After seven years in court, Microsoft is expected to ask the U.S. federal judge to dimiss the antitrust suit filed against them by Novell. Novell made their closing arguments in the case last week but a jury was unable to come to a unanimous decision, leaving the judge to declare a mistrial.
Novell originally filed the suit claiming that Microsoft purposely suppressed and sabotaged WordPerfect, a word processing platform developed by Novell, in order to consolidate users to Microsoft Word. Consequently, Novell claims they suffered severe financial loss due to Microsoft’s tampering. Alternately, Microsoft has cited Novell’s own mismanagement for the decline of WordPerfect’s popularity and usability.
From Network World:
In a filing to U.S. federal judge J. Frederick Motz, Microsoft’s lawyer said Monday that the company intends to renew its motion for judgment as a matter of law under Rule 50 of the Federal Rules of Civil Procedure.
A motion for a judgment as a matter of law is a request for relief on the basis that the opposite party’s case does not have legally sufficient evidence for any reasonable jury to take a decision. It can be renewed as a second chance after a jury trial.
In ruling on the renewed motion, under Rule 50 the court may allow judgment on the verdict if the jury returned a verdict, order a new trial, or direct the entry.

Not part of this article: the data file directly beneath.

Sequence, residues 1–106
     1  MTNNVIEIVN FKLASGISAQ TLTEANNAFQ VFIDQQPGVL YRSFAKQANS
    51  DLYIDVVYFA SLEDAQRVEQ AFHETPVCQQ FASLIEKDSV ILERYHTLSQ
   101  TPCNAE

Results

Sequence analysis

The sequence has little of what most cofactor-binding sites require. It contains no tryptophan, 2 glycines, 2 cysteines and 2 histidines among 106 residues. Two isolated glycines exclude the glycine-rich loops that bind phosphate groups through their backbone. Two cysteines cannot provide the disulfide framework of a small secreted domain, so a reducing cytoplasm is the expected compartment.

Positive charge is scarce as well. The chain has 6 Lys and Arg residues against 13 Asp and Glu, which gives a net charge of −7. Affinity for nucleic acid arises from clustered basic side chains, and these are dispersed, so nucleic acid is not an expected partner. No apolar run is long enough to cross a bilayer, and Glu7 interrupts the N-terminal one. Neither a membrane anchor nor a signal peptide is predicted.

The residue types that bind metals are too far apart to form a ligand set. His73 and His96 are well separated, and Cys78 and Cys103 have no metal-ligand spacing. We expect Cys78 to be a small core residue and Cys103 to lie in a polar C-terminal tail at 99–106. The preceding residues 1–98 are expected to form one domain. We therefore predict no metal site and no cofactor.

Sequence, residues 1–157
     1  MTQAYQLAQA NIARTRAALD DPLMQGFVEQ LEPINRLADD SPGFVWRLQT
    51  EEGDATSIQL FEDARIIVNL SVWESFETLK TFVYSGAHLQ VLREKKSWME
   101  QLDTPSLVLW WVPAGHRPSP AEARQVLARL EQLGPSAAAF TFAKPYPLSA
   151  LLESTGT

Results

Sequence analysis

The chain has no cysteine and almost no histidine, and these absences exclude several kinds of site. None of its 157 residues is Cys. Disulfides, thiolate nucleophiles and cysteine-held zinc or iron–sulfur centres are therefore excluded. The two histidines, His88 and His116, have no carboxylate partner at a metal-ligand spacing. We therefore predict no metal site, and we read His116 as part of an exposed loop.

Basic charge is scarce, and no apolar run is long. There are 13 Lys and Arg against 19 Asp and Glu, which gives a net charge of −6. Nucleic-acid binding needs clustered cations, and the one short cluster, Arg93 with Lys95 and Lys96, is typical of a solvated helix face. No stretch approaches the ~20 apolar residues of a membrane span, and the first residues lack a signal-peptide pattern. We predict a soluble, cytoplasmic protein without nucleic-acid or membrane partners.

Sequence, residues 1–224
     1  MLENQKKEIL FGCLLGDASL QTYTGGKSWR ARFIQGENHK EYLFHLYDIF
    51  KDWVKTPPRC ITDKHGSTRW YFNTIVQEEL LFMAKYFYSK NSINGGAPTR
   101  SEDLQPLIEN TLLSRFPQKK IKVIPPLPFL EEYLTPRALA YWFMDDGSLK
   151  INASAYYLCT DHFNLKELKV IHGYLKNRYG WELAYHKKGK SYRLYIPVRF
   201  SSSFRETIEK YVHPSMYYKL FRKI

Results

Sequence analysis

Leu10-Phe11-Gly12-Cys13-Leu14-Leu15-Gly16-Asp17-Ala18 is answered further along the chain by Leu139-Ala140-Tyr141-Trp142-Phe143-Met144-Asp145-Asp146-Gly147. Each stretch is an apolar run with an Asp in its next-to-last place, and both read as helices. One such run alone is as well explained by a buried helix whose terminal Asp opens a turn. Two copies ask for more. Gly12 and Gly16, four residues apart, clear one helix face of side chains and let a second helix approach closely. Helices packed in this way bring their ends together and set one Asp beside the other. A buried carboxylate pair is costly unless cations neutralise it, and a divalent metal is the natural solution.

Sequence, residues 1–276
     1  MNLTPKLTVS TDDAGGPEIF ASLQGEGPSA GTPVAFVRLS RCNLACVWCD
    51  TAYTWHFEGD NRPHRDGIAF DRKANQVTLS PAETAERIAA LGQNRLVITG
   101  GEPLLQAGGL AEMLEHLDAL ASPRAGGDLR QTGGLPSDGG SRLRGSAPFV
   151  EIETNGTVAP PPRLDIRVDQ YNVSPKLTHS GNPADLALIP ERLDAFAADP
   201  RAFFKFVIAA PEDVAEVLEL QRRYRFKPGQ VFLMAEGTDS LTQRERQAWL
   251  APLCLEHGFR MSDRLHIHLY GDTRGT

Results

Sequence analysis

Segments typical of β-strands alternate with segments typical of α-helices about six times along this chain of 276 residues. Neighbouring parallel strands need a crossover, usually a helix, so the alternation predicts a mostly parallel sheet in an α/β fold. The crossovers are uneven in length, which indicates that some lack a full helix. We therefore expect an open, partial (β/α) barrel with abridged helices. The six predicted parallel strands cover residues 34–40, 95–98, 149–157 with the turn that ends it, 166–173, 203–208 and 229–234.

Incredibly, some jurors were reported to be in tears after being dismissed. Attorneys on both sides admitted to being disappointed as they were hopeful to get some kind of verdict after all of this time.
Oddly, the jury was hung at an 11-1 decision against Microsoft, which causes me to fondly recall all of those episodes of The Sopranos where the mob dudes would terrorize one poor juror into holding out from agreeing on a verdict. Members of the Sopranos mob family would intimidate and threaten one vulnerable juror in order to coerce them into dissenting from the otherwise unanimous jurors’ decision against the accused gangster. Without an agreement among jurors, the case ends in mistrial and the mobster walks free.
But who knows if Microsoft actually has that kind of menacing clout; it all just sounds very odd.
The actual request to dismiss the case is expected to be filed early next year.